City of Mandurah Installs Hydraulically Driven Floor

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City of Mandurah Installs Hydraulically Driven Floor

April 9, 2019 by Waste Management Review


The City of Mandurah has become the first WA local government area to install moving floor technology, reducing operational costs and boosting safety.

Regional councils across Australia have been showing exceptional leadership in recent times, in spite of the challenges of working in smaller communities that produce less waste.

Within these communities there are champions of waste management, willing to investigate, trial and invest in new technologies that will future-proof their resources for decades to come.

From NSW’s Albury City Council, which is on track to halve its waste by 2020, to Shoalhaven City Council’s recent investment in a first-of-its-kind mixed waste processing facility, regional councils across the nation are leading by example.

At the end of 2018, the coastal City of Mandurah, located an hour away from Perth, made a bold decision to invest $1.25 million in a hydraulically driven floor conveyance system at its Waste Management Centre.

As the existing concrete pit was showing signs of deterioration, the council risked closing its tipping shed for a significant period of time by repairing the existing piece of infrastructure. The Waste Management Centre has been around since 1997 and processes commercial and industrial and municipal solid waste.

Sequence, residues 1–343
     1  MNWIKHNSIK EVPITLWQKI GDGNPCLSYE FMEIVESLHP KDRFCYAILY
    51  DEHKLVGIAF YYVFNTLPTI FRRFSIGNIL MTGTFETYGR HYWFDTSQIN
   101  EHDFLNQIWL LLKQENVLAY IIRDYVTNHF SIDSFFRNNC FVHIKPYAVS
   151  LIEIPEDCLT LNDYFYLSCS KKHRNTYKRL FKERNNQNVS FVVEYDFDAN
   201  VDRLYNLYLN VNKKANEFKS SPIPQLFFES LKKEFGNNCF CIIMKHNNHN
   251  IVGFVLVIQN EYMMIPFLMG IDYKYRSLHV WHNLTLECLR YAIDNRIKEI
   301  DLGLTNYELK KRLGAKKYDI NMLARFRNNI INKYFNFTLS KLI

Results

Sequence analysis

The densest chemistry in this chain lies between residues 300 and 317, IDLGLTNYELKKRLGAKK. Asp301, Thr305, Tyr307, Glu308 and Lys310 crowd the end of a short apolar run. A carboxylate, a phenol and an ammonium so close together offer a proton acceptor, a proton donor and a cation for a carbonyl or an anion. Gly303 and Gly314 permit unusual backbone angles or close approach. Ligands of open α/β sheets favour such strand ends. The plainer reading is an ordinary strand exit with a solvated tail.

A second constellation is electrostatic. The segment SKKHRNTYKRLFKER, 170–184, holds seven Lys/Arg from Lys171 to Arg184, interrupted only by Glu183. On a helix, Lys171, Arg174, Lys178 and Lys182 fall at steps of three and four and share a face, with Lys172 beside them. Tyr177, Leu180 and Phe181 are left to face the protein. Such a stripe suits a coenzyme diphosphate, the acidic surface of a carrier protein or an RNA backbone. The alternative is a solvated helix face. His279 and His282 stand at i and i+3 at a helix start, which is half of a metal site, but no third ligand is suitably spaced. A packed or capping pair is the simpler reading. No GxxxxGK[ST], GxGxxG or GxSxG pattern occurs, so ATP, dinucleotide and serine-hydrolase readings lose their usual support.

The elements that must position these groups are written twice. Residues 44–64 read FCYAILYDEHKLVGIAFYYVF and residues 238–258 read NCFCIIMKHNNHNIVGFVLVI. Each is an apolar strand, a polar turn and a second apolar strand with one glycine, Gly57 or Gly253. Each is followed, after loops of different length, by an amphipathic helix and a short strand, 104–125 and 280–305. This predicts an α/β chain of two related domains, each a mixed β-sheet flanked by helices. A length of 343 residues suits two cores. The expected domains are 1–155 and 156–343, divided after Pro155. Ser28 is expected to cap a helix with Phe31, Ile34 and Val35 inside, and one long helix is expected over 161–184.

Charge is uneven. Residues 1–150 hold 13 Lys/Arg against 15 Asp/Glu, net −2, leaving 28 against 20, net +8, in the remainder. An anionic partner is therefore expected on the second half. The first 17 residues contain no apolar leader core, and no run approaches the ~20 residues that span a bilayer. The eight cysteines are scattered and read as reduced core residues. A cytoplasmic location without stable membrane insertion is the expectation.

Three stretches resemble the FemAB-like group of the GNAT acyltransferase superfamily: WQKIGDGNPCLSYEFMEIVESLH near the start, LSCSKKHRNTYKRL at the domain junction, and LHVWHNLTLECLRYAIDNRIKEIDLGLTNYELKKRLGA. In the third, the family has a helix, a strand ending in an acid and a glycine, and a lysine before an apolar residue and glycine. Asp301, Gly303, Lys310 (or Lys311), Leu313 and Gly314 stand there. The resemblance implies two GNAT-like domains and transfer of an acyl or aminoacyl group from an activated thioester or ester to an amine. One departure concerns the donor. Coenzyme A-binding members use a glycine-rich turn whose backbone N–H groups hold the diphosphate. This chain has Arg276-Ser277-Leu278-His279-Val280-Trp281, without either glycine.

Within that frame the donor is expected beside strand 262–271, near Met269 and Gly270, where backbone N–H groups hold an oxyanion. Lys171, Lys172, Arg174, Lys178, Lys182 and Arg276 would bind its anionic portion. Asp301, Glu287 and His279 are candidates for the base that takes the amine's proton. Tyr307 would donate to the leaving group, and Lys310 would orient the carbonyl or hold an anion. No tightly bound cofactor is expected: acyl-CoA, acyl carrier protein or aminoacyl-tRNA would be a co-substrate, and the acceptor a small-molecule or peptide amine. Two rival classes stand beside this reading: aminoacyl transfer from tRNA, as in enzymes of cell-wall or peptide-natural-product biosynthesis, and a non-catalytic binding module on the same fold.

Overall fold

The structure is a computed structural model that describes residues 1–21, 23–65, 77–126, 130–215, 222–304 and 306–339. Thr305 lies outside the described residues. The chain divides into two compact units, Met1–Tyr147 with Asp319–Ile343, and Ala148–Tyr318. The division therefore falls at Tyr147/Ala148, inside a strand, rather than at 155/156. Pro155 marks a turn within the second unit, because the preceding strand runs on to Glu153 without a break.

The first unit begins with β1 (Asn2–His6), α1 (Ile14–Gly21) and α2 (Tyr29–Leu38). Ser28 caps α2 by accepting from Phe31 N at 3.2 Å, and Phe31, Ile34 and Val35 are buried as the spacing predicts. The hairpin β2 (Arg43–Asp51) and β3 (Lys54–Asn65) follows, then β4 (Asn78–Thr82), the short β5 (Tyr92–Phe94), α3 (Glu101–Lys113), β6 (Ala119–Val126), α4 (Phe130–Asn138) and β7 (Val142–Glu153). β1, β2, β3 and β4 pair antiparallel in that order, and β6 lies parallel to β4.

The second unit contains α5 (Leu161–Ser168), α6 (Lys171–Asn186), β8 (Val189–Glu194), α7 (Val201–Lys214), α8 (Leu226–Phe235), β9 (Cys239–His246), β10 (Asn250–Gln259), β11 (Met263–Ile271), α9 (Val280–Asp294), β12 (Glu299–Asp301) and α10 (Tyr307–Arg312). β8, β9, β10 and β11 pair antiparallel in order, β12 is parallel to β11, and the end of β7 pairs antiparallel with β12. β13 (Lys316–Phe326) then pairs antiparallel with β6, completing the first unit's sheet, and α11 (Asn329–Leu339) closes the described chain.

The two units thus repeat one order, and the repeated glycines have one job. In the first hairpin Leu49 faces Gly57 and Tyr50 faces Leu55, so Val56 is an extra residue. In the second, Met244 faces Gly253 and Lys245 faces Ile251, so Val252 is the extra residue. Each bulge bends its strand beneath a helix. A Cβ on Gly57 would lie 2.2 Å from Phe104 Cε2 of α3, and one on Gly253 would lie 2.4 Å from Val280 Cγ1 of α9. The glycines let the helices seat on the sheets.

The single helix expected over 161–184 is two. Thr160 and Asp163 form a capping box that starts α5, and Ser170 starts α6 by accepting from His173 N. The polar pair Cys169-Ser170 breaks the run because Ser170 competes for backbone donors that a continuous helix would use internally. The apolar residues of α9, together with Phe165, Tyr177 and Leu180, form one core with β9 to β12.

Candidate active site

The team spent two years investigating a variety of options before opting for moving floor technology, a system that would not only reduce the city’s reliance on staff-operated front end loaders, but improve safety and lower operational costs. It also allows its waste processing capacity to increase from 55,000 to 75,000 tonnes per annum.

Kyle Boardman, Coordinator Waste Management at the City of Mandurah, says the city was aware of moving floor technology being used in Tasmania and Melbourne. Back in 2012, the city had installed a static compactor and compaction trailers, with turnkey specialists Wastech Engineering winning the contract through a competitive tender process.

The Wastech team had proved to be a reliable service provider for the city and was successful in a tender for the moving floor technology. The company knew the ins and outs of the city’s Waste Management Centre, having visited it multiple times over the years to install the compactor and deliver the compaction trailers.

“We’d had a number of dealings with Wastech, which helped a great deal,” Kyle explains.

Two moving floors were installed onsite in September 2018, servicing both residential and commercial waste. The commercial waste moving floor is located within the existing push pit, with the residential moving floor located on the adjoining tipping floor. The interconnected moving planks are driven by hydraulic rams which move forward and backwards, allowing the waste to travel smoothly along the floor.

It is unique in that when the planks move forward, they move together, but when they retract, they do so in a series of three distinct movements.

“This allows the waste to stay in its original position so it remains stationary while the planks move backwards, and then it moves forward together,” Kyle says.